Another example is many clients of mine. Being a trauma therapist, I frequently hear complaints of physical issues that accompany their mental health concerns. Some of the most frequent physical issues I hear are headaches/migraines, gastrointestinal issues (e.g. IBS), Hashimoto’s, chronic pain, thyroid, weight gain, fainting, and so much more. These clients go to doctor after doctor, being told their symptoms are this or that, or being told there are no answers for their symptoms. I’m not a medical doctor, these healthcare providers may know more about these issues than I do. But what I do know is that the body is a messenger. And when the body is sending messages like this, it is most often with individuals who are experiencing, or have experienced, some sort of impactful psychological and/or social stressors. And yet, we send these people for more medications.
I get it, when I first learned about these types of models, I frequently thought “okay that’s fine and dandy, but what about the things that ACTUALLY produce results? That are scientific?” It took me awhile to come around to the idea of these models being both scientific and effective. But it’s true, these models have excellent results in research studies. They are shown to be effective in processing past wounds, reducing the intensity and frequency of current symptoms, and creating a better quality of life in the client’s present and future.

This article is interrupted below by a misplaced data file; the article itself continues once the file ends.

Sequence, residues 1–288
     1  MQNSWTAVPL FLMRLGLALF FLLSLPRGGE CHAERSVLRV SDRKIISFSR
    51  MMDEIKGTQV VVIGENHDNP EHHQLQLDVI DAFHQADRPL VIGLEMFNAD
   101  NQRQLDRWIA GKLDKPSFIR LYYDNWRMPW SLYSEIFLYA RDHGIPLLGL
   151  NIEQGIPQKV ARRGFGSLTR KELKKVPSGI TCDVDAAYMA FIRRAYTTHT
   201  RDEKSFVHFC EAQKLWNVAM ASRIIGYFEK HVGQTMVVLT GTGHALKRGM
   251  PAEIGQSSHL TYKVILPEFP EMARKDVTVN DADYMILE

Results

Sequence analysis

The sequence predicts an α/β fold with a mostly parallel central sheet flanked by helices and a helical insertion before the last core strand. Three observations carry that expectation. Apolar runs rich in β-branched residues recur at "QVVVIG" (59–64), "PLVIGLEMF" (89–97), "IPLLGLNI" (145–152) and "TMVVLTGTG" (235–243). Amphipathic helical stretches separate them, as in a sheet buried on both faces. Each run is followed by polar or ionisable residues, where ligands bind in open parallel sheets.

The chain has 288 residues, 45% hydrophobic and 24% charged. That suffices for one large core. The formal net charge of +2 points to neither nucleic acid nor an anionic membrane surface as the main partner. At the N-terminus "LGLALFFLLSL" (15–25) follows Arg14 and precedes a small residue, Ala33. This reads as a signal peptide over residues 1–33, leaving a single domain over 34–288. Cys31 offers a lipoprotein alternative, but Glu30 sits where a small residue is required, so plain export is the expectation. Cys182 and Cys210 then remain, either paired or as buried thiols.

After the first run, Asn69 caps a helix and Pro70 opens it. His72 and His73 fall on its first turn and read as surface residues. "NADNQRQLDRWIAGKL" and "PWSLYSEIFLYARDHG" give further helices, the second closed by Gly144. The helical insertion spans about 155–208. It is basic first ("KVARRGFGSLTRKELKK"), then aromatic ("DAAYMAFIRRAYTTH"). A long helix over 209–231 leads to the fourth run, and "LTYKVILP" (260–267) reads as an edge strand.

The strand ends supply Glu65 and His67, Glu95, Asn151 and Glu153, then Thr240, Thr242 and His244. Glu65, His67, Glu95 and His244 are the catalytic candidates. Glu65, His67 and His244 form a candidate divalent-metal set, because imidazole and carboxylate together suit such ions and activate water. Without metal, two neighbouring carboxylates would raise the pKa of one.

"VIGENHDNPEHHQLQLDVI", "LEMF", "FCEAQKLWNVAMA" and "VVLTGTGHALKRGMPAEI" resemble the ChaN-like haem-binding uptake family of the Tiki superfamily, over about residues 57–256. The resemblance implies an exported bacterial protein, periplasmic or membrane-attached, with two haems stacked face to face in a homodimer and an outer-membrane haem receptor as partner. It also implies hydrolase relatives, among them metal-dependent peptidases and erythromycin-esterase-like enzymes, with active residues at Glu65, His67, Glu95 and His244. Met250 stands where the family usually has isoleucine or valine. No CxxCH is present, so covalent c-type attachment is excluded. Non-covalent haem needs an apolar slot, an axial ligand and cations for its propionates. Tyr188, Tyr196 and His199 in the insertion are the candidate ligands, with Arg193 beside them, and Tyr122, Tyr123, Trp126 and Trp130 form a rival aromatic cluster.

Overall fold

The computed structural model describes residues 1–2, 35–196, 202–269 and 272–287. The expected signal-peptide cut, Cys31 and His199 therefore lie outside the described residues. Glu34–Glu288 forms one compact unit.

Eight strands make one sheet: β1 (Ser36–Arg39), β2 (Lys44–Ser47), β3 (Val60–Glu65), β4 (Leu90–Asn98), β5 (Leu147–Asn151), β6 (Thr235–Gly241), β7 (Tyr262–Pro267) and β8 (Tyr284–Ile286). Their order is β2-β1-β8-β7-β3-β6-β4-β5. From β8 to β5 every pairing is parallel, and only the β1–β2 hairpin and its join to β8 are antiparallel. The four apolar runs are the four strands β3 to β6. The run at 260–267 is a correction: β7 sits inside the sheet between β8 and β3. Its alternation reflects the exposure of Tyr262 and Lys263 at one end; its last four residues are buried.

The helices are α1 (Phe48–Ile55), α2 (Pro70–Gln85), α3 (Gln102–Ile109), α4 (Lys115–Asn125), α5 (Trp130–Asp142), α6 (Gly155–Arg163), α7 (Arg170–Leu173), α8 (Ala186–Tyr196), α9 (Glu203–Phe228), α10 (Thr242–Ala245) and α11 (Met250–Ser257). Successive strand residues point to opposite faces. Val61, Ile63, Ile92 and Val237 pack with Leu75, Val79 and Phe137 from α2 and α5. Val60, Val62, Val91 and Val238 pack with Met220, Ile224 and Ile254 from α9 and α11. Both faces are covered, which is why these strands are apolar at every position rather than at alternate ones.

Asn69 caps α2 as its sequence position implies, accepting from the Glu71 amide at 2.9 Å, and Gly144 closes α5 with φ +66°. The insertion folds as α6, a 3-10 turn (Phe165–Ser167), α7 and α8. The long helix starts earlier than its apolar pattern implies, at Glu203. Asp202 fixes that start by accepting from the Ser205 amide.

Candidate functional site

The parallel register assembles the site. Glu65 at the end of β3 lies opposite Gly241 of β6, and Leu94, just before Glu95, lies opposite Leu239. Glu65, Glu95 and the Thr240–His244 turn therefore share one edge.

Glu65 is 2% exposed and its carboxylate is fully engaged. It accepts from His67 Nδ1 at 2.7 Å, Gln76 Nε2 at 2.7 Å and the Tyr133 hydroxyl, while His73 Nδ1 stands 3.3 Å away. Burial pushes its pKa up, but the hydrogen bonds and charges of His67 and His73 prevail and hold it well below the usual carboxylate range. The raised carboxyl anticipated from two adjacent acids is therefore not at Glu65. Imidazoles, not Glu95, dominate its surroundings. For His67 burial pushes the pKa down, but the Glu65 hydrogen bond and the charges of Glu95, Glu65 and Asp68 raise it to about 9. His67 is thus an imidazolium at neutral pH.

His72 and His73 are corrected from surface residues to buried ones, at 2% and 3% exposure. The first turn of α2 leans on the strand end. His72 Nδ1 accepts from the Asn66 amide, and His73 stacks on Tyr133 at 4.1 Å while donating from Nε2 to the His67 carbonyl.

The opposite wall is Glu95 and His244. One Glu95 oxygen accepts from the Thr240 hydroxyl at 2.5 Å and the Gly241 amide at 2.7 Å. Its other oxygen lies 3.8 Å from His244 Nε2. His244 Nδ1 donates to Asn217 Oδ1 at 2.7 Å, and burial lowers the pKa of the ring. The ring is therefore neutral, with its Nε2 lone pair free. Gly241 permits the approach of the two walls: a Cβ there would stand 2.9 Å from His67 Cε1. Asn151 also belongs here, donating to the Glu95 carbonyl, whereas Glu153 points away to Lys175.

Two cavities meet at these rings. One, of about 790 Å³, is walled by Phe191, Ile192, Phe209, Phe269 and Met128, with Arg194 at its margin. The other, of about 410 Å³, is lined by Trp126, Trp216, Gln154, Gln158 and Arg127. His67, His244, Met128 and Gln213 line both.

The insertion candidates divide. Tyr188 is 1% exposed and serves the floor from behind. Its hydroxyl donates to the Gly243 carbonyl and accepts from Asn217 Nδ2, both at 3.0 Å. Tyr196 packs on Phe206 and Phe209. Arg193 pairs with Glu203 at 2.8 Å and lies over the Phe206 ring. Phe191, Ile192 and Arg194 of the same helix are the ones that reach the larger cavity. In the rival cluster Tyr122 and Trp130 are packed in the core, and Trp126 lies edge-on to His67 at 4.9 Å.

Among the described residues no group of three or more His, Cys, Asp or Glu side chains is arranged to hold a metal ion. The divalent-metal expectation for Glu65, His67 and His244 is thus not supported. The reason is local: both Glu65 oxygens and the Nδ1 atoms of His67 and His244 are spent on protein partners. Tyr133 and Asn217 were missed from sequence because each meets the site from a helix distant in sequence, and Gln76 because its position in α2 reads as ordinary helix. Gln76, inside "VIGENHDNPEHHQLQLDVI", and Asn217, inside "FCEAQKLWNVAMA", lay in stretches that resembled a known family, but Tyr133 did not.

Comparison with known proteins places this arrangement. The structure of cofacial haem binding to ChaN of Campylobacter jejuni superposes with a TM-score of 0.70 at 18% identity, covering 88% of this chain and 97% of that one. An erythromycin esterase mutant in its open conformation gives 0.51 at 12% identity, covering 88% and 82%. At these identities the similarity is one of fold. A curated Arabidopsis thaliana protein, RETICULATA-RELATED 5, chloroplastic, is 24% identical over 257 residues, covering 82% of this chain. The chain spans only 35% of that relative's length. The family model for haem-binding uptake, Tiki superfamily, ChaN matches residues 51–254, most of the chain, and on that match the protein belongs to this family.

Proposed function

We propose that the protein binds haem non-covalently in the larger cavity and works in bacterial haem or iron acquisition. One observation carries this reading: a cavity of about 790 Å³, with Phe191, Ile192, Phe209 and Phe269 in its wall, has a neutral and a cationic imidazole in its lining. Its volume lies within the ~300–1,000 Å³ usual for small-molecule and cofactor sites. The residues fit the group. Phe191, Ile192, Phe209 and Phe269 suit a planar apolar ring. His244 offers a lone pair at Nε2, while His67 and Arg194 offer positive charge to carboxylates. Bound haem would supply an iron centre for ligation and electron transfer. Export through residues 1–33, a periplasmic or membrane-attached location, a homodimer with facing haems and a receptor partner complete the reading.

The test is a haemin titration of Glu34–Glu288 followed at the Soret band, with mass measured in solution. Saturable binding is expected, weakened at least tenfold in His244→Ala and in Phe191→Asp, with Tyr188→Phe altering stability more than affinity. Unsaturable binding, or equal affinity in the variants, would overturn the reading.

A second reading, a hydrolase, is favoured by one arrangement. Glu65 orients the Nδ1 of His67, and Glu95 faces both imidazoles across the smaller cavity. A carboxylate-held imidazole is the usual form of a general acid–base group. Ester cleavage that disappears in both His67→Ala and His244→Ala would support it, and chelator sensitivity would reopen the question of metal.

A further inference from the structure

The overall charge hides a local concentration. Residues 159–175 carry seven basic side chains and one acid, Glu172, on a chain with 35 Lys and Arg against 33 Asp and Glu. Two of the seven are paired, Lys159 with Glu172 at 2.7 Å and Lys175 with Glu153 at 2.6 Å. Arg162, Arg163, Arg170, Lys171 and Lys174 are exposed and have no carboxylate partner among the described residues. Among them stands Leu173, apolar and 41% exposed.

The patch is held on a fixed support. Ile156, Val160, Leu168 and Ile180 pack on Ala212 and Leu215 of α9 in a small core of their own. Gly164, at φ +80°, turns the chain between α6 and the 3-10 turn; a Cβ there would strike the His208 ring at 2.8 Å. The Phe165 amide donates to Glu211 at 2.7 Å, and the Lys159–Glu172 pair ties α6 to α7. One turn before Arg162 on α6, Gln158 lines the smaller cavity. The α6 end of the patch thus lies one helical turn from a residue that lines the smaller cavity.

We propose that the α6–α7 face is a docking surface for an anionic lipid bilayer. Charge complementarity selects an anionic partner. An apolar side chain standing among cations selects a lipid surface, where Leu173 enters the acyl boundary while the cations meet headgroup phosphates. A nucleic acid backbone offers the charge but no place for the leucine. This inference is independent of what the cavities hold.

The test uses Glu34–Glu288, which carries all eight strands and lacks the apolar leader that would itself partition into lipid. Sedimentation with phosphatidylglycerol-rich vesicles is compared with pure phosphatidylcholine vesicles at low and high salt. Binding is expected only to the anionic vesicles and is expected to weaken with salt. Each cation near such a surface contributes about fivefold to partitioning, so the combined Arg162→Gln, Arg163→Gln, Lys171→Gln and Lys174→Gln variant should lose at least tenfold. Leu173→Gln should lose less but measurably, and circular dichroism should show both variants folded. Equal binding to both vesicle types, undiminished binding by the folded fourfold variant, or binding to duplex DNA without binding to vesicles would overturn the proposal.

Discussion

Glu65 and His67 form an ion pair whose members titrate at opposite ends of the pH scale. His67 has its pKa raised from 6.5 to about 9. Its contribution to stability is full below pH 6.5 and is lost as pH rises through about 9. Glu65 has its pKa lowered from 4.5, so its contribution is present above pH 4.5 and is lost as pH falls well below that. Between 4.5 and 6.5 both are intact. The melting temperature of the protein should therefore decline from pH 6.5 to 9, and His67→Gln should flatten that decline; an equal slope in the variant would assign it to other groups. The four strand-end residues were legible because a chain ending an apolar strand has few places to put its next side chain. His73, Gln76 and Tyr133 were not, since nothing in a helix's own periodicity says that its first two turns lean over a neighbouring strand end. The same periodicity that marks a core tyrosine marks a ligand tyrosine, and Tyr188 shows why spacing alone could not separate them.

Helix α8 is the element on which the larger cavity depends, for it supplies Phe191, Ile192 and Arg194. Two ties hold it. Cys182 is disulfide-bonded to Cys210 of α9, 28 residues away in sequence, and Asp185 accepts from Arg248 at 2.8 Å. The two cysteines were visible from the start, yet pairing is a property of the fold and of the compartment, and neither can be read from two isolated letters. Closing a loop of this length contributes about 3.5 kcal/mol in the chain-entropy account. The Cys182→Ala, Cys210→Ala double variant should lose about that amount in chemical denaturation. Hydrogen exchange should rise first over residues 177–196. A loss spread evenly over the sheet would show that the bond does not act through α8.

I’ve noticed that some medical professionals, mental health professionals, and other related professionals are starting to come around to the idea. More and more healthcare providers are recognizing the limitations of western medicine and the potential negative effects of “diagnose and medicate.” I myself have noticed this with my own healthcare providers. My primary care physician has readily agreed with me that he does not want to add medications to relieve my symptoms. Instead, he has worked with me on what he calls “total wellness.” Incorporating exercise, nutrition, sleep, and stress management changes to reduce symptoms. I am beyond happy to see this becoming more common!
So, where do we go from here? Well, that is where I struggle as well. You see, the more I learn about ways of approaching ailments outside of traditional western medicine, the more my mind is opened to BETTER. But, we still have our culture to deal with. Our culture within America is to hustle, become rich, be competitive, have fancy belongings, and ignore any mental/physical issues. Culture is a huge influencer on everything–politics, policy, insurance companies, treatment models, beliefs, etc. You name it, and culture has a role in it. This is going to be a big thing to overcome. But, I keep my hope alive. These medical professionals doing research and bringing their ideas into their worlds are influencing this change. Individuals who are choosing their own path rather than the path of the majority are influencing this change.
For now, I encourage each of us to begin listening to our bodies. What are our bodies telling us? What pains, emotions, and physical sensations are we noticing? How long have we noticed these? What was going on when these began? Deciphering these messages and working through the mental-social-physical implications are an absolute MUST for holistic health and wellness.
Mental health is always connected to the body.